Mangroves also play a vital role in protecting foreshores from storm surges, cyclones, tsunamis and wind and wave conditions.
In some areas, there has been a large decline of mangroves due to clearing or reclamation and changes in water flow from waterfront developments. In other areas, mangrove communities are expanding due to the build up of sediments from catchment clearing, development and stormwater run-off.
Mangroves are protected in NSW and a permit of required from NSW DPI to undertake works or activities that may harm them.
Seagrasses occur in the intertidal and subtidal zones of estuaries. The total area of seagrass in NSW is approximately 154km2.4 The area of seagrass beds can be highly variable seasonally as seagrasses die back during the cooler months and re-establish in warmer months of the year.
Seagrasses are the only flowering plants that can live underwater.7 The most common species in NSW are Zostera capricorni (eelgrass) and Halophila spp (paddleweed). Posidonia australis (strapweed) is limited to the more marine-dominated estuaries of central and southern NSW.
Seagrasses are particularly valuable as nursery, feeding and shelter areas for many aquatic animals, including commercially and recreationally important fish, crabs and prawns. Seagrass meadows are renowned world wide as rich and productive nursery areas for juveniles of economically important species. Research in the Mediterranean has found that 400 square metres of seagrass can support up to 2000 tonnes of fish a year.8 Along the NSW coast, luderick, bream and snapper are found as juveniles within seagrasses.9
Did you know...
Many major estuaries in NSW have lost as much as 85% of their seagrass beds in the past 30-40 years.10
Like other estuarine vegetation, seagrasses contribute organic matter to the food chain, and remove nutrients from the water. Seagrasses are particularly valuable because they grow quickly and produce a large amount of organic material. The primary productivity of several species of seagrass has been measured, and in general it has been estimated that each hectare of seagrass bed can generate up to 20 tonnes of organic leaf material each year.8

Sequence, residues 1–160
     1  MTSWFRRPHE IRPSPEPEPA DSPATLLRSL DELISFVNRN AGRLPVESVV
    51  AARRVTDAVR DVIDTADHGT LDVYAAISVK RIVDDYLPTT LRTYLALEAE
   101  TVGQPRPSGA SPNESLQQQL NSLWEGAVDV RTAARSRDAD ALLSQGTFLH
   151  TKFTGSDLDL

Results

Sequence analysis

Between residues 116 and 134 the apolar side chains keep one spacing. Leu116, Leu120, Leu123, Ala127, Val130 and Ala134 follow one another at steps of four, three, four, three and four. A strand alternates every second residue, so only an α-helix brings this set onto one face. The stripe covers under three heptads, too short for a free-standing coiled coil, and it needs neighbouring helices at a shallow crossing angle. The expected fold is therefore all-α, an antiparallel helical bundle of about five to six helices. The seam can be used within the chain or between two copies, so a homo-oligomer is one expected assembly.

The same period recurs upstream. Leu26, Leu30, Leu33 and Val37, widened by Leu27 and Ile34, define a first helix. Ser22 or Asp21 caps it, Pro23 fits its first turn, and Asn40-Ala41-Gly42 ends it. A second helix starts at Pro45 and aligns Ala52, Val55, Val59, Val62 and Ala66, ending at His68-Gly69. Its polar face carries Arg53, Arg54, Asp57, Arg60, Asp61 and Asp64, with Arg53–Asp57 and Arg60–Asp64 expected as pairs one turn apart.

Seagrasses also baffle water currents, causing them to drop their sediment loads, thus maintaining water quality.
Seagrasses are, however, a fragile habitat. Some species can recolonise areas but other do not and are particularly sensitive to impacts. Posidonia species do not recolonise areas after removal.
Seagrasses are protected in NSW and a permit is required from NSW DPI to undertake works or activities that may harm them.
Macroalgae are members of the huge group of aquatic plants know as algae. The algae are primitive photosynthetic plants that include single celled ‘phytoplankton’and the multi-celled macroalgae, or seaweeds. Macroalgae should not be confused with seagrass.
Habitats with no vegetation, such as shallow mud flats, sand flats and deeper soft substrate areas, are the most common habitats in estuaries. They support a very diverse benthic (bottom-dwelling) community, including worms, crabs and yabbies. This, in turn, provides food for many fish species such as flathead and whiting.
Coastal lagoons are often characterised by entrances to the sea which intermittently open and close. The characteristics of this habitat are a function of how often the ocean entrance opens and closes, the width and orientation of the mouth, the size and character of the freshwater catchment upstream, and the size and shape of the lagoon itself.
Intermittently opening and closing coastal lagoons (ICOLLs) are a special type of estuary with unique features. (More about ICOLLs and their management.) They don't generally support large mangrove or seagrass communities but can have an abundance of the macrophyte Ruppia species (sea tassel) and fringing wetlands with Casuarina species, Melaleuca species, and brackish rushes and reeds.
Mullet, bream and prawns can grow to large sizes in closed lagoons. This can enhance their chances of surviving and reproducing when the lagoon subsequently opens and they make their way into coastal waters.
The timing of the lagoon opening can favour different species at different times. A spring/summer opening favours tarwhine, snapper, sand whiting, luderick, leatherjackets and prawns, while an autumn or winter opening favours yellowfin bream, dusky flathead and flat tail mullet.10